PILSEN — Schools across the city scrambled to get devices to students when they switched to remote learning last spring due to the coronavirus pandemic.
Many students at St. Pius V School in Pilsen simply didn’t have access to the needed technology at home, said Principal Melissa Talaber. The school, which serves pre-K to eighth grade, gave out the tablets it had access to at the time, but that only covered 10-15 percent of students.
“One of the biggest challenges was not having access to allow them to fully engage in remote learning,” Talaber said.
Nearly a year later, the Catholic school, which began a hybrid model of remote and in-person learning this fall, has finally been able to give each student a device thanks to a donation from Big Shoulders Fund and St. Joseph Services earlier this month.
The Bridging the Youth Technology Gap Program donated 250 Chromebooks and iPads to St. Pius and Epiphany Catholic School. Another 300 Chromebooks were given away to other schools on the South and West sides, said Josh Hale, president and CEO of Big Shoulders Fund.
“The pivot to remote learning was a shock to the system for everyone,” Hale said.
While Big Shoulders has worked to create a one-to-one ratio for technology at schools over time, COVID-19 made clear the “digital equity gap” and accelerated the group’s efforts, Hale said.
Because so many opportunities and interactions are technology-based, it’s prudent to close that digital divide to give opportunities to every child regardless of ZIP code, Hale said.
Through the partnership with St. Joseph, “we are working together to fill the gaps in resources in underserved communities and keep students on a path to graduation and a bright future,” Hale said. “We have a lot of work to do. But we are just getting started.”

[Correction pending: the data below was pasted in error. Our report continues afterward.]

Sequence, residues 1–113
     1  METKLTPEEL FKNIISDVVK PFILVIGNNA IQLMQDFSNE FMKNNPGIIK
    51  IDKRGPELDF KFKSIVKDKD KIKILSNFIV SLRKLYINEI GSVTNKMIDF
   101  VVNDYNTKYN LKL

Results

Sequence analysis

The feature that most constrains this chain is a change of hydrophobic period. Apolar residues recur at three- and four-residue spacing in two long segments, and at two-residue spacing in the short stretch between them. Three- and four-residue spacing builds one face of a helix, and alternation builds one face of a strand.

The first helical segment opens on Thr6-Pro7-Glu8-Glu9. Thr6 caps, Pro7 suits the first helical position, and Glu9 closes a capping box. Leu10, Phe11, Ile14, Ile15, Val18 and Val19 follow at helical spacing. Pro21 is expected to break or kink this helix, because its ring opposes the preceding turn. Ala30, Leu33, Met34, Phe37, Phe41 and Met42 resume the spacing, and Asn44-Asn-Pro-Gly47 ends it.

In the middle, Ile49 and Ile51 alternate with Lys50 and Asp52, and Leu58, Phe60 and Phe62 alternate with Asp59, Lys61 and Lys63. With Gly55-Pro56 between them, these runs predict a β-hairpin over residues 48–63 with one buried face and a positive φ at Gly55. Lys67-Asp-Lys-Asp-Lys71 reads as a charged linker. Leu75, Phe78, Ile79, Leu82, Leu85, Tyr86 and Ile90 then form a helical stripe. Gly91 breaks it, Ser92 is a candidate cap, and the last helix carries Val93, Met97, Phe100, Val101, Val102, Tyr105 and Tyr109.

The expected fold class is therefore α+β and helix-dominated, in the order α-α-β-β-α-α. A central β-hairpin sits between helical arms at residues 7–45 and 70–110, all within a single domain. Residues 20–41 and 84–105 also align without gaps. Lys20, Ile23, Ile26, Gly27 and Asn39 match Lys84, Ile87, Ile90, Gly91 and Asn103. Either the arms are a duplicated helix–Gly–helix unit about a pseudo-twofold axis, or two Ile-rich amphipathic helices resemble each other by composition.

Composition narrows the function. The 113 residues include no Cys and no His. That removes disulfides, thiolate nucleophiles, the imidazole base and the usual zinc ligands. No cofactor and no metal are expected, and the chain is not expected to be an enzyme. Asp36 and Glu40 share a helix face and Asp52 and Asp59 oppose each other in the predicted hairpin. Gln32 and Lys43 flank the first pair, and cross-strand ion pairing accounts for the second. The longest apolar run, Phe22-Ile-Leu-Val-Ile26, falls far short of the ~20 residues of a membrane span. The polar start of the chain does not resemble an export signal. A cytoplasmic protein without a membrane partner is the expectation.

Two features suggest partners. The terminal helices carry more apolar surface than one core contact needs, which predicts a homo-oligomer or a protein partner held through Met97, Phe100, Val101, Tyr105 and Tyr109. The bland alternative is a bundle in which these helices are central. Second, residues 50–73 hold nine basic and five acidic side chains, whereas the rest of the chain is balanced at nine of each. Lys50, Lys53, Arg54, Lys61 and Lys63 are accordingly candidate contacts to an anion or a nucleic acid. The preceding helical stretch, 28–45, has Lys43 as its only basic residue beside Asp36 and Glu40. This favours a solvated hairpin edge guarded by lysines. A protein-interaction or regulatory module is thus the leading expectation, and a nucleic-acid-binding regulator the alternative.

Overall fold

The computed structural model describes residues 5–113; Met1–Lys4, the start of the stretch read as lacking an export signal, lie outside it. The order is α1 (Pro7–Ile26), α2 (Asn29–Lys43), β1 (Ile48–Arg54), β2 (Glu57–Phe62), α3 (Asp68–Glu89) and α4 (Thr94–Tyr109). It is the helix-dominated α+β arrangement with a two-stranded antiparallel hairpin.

Guadalupe Preston, St. Joseph Services executive director, said the need for collaboration to respond to community challenges has been “greater than ever” during the pandemic.
In a statement, Preston said the organization was thankful to “provide both devices and internet access to empower youth in their educational pursuits as they thrive to achieve their dreams.”
With the donations of Chromebooks coupled with federal CARES Act funding, Talaber said students at the Pilsen school are more equipped with resources that are opening the door to additional opportunities.
The devices have allowed for remote learners to collaborate with in-person learners and created more creative teaching opportunities, Talaber said.
“Having these devices have been a huge asset to our school in providing equity and access so all of our students are able to engage in the academic program we have to offer,” Talaber said.
It’s also “enriched opportunities” with more personalized learning at the school, she said.
Scott Ernst, Epiphany Catholic School principal, said the huge boost from the donation can’t be understated.
The families of the Little Village school, 4223 W. 25th St., struggled to access devices while some available technology was not up to operational standards, Ernst said. Families also faced internet issues.
“The biggest challenge was getting every student a device and every student online,” Ernst said.
Before the pandemic, the school’s goal was to get every student a device within the next four years. The 210 donated Chromebooks means they already have enough devices for each student.
The donations and partnership with the two organization is allowing for the school to “continue its mission to be college-bound and heaven-bound,” Ernst said.
“We are really excited about this opportunity. This will allow for our students and school to grow and make our students even more technologically capable,” Ernst said. “This is a big deal for us.”
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